“I would have sold my house, if I got my stuff straightened out, and moved to Bear Valley,” Bonnie says. “I could’ve probably gotten my stuff straightened out had they worked with me.”

So instead they remain at the Ramada Inn hoping they can get back to their middle class life someday.   All the while blaming Countrywide and the banks for their predicament.

Yes the banks – the last part of the ramble.  Over at Washingtons Blog he gives a good rundown on the history of banking here.

To understand the core problem in America today, we have to look back to the very founding of our country.

The Founding Fathers fought for liberty and justice. But they also fought for a sound economy and freedom from the tyranny of big banks:

“[It was] the poverty caused by the bad influence of the English bankers on the Parliament which has caused in the colonies hatred of the English and . . . the Revolutionary War.”
– Benjamin Franklin

“There are two ways to conquer and enslave a nation. One is by the sword. The other is by debt.”
– John Adams

“All the perplexities, confusion and distress in America arise, not from defects in their Constitution or Confederation, not from want of honor or virtue, so much as from the downright ignorance of the nature of coin, credit and circulation.”
– John Adams

“If the American people ever allow the banks to control issuance of their currency, first by inflation and then by deflation, the banks and corporations that grow up around them will deprive the people of all property until their children will wake up homeless on the continent their fathers occupied”.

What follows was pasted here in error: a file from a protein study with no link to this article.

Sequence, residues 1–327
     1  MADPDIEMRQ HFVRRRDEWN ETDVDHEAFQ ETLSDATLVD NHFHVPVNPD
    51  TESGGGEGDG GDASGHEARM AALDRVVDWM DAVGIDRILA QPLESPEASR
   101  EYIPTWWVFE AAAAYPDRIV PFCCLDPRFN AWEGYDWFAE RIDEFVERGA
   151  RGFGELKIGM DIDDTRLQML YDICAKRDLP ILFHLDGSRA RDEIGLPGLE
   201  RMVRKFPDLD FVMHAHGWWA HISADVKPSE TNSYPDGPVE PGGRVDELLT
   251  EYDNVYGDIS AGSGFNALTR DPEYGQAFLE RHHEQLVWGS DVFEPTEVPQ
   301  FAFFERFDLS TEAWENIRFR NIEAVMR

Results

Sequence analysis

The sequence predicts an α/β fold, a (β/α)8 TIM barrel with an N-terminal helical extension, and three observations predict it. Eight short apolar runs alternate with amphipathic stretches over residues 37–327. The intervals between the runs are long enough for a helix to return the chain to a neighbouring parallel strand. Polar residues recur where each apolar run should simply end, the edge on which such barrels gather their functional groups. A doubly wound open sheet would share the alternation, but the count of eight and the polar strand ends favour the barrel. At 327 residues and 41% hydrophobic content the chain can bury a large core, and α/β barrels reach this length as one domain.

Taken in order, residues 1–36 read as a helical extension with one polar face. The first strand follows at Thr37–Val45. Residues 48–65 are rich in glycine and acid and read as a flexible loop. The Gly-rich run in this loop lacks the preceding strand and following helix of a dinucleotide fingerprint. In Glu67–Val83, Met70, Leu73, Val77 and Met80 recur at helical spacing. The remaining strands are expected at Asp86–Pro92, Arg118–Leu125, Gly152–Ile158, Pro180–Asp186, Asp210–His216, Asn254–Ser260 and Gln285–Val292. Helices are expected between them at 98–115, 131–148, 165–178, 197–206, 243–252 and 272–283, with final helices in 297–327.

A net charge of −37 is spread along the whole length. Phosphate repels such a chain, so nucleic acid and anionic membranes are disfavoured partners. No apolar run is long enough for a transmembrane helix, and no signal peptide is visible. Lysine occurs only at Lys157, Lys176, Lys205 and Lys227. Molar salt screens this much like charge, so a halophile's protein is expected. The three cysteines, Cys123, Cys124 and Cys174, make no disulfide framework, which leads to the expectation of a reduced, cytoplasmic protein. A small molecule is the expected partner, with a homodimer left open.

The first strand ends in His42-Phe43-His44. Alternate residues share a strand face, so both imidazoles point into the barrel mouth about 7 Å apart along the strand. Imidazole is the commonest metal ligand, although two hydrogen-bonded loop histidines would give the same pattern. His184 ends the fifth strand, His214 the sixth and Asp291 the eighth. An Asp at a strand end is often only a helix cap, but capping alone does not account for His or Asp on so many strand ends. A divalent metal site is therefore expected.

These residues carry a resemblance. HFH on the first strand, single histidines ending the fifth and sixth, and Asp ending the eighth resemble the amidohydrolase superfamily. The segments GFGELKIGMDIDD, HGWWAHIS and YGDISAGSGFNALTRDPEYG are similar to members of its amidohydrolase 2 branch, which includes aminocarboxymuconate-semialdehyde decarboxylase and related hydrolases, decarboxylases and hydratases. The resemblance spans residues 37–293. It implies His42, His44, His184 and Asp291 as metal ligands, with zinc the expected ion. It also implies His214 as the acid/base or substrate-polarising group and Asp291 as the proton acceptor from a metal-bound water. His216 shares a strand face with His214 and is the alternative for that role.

— Thomas Jefferson

“I believe that banking institutions are more dangerous to our liberties than standing armies…The issuing power should be taken from the banks and restored to the Government, to whom it properly belongs.”
– Thomas Jefferson

And the truth about The Federal Reserve.

While many Americans assume that the Federal Reserve is a federal agency, the Fed itself admits that the 12 Federal Reserve banks are private. See this, this, this and this.

Indeed, the money-center banks in New York control the New York Fed, the most powerful Fed bank. Until recently, Jamie Dimon – the head of JP Morgan Chasewas a Director of the New York Fed. Everyone knows that the Fed is riddled with conflicts of interest and corruption.

The long-time Chairman of the House Banking and Currency Committee (Charles McFadden) said on June 10, 1932:

Some people think that the Federal Reserve Banks are United States Government institutions. They are private monopolies ….